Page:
Loch Ness monster ancestor? Scottish scientists identify prehistoric reptile Dearcmhara shawcrossi

Tuesday, January 13, 2015

A giant prehistoric reptile that patrolled Scotland's waters 170 million years ago has been identified by scientists.

The creature, which resembled a menacing dolphin and grew up to four metres long, was identified by fossils from the Isle of Skye in northwest Scotland.

A team of palaeontologists, led by Edinburgh University scientists, studied fossil fragments of skulls, teeth, vertebrae and an upper arm bone unearthed on the island over the past 50 years.

They identified several examples of extinct aquatic animals – known as ichthyosaurs – which lived during the early to middle Jurassic period, including the entirely new species.

Scientists named the species Dearcmhara shawcrossi in honour of Brian Shawcross, an amateur fossil collector who gathered many of the fossils in 1959.

These were later donated to a museum, allowing scientists to study them and identify the new species.

"During the time of dinosaurs, the waters of Scotland were prowled by big reptiles the size of motor boats," said Steve Brusatte of Edinburgh University's School of GeoSciences.

"Their fossils are very rare and only now, for the first time, we've found a new species that was uniquely Scottish."

Scotland's most famous reptile, real or imaginary, is the Loch Ness monster, the myth of which draws thousands of visitors a year to Loch Ness in northern Scotland.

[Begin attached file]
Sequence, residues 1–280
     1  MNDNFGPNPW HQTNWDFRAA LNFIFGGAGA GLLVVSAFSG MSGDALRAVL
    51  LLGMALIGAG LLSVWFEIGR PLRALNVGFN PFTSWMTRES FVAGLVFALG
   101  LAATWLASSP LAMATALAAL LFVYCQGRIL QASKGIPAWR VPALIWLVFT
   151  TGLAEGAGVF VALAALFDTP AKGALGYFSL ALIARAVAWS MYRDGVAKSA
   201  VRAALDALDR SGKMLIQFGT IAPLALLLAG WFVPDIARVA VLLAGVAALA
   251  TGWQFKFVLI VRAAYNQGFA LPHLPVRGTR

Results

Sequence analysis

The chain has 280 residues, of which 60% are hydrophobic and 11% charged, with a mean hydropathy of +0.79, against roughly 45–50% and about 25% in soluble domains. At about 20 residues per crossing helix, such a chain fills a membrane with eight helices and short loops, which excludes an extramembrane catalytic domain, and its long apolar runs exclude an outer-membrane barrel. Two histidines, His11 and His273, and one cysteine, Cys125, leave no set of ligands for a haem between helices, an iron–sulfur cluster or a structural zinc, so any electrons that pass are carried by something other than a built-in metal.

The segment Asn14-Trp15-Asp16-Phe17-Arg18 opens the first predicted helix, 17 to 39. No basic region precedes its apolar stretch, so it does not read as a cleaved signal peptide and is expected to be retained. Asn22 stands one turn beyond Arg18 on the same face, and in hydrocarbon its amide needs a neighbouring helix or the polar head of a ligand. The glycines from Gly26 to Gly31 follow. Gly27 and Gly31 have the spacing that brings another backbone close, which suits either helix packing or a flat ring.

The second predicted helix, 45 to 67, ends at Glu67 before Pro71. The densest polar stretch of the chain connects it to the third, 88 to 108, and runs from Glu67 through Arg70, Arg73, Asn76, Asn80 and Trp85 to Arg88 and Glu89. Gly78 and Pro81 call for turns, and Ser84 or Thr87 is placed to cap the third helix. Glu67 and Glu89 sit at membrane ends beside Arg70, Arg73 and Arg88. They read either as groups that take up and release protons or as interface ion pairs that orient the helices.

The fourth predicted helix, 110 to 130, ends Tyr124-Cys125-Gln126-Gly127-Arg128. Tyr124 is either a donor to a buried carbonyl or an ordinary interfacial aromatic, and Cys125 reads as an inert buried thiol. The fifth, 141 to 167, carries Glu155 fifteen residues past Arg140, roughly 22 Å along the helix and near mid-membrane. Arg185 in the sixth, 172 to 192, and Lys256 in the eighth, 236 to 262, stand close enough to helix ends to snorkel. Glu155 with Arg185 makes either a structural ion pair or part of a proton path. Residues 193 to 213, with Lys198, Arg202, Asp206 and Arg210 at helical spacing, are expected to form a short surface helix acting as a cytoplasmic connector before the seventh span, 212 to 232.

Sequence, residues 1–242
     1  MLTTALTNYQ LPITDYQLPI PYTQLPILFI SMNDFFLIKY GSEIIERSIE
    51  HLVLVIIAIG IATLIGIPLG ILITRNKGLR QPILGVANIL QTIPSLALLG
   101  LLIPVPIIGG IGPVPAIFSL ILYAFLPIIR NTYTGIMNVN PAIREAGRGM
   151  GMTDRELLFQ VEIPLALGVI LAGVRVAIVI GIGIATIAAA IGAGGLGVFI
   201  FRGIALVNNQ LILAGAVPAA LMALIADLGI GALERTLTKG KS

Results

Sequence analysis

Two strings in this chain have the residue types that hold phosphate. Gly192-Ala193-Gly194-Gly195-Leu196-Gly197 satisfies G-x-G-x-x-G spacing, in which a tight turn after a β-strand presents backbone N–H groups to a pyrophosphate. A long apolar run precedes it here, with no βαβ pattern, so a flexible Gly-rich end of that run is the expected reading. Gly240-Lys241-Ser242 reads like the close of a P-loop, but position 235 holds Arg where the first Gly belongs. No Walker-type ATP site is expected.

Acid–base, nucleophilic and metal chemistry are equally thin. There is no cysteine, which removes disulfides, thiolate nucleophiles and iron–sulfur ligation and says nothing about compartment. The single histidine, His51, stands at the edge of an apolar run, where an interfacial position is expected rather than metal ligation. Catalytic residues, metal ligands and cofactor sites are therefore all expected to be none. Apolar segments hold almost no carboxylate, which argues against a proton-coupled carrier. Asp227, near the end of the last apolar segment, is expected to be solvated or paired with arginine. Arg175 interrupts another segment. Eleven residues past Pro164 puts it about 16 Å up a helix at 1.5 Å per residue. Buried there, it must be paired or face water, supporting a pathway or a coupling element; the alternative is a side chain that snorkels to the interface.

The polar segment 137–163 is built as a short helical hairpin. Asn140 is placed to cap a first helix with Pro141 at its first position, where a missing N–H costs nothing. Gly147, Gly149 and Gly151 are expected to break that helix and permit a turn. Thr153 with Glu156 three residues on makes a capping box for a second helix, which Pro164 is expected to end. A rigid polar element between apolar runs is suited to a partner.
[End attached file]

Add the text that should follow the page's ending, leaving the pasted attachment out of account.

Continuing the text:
Scientists say traces of a 150-million-year-old dinosaur which have been found on the banks of Scotland's Loch Ness are definitely not those of the lake's legendary monster.

A Jurassic-era fossil of four perfectly preserved vertebrae from what is believed to have been a 35-foot long plesiosaur was found by a man who plucked it from shallow water on the bank of the loch.

Gerald McSorley, 67, turned it over to the National Museum of Scotland, which is conducting tests on the rare find, the first of its kind in Scotland for more than a century.

Museum spokeswoman Hannah Dolby said: "Chances that the fossil originated where it was found are very slim ... it was deposited there either by natural or artificial means.

"Borings on the fossil show it comes from a marine environment rather than a fresh water environment like the loch," she said.

Tales of a "horrible great beastie" have swirled around the 200-metre deep Scottish loch for centuries, often describing the creature as black with a fat body and serpentine neck.

Cameras beam 24-hour footage of the loch to webcams and diving teams regularly scour the chilly waters for the elusive creature.

Any hopes among Nessie enthusiasts that the fossil find might prove the existence of the monster would be groundless, scientists say.

While the fossil is about 150 million years old, Loch Ness was formed only 10,000 years ago, at the end of the last Ice Age.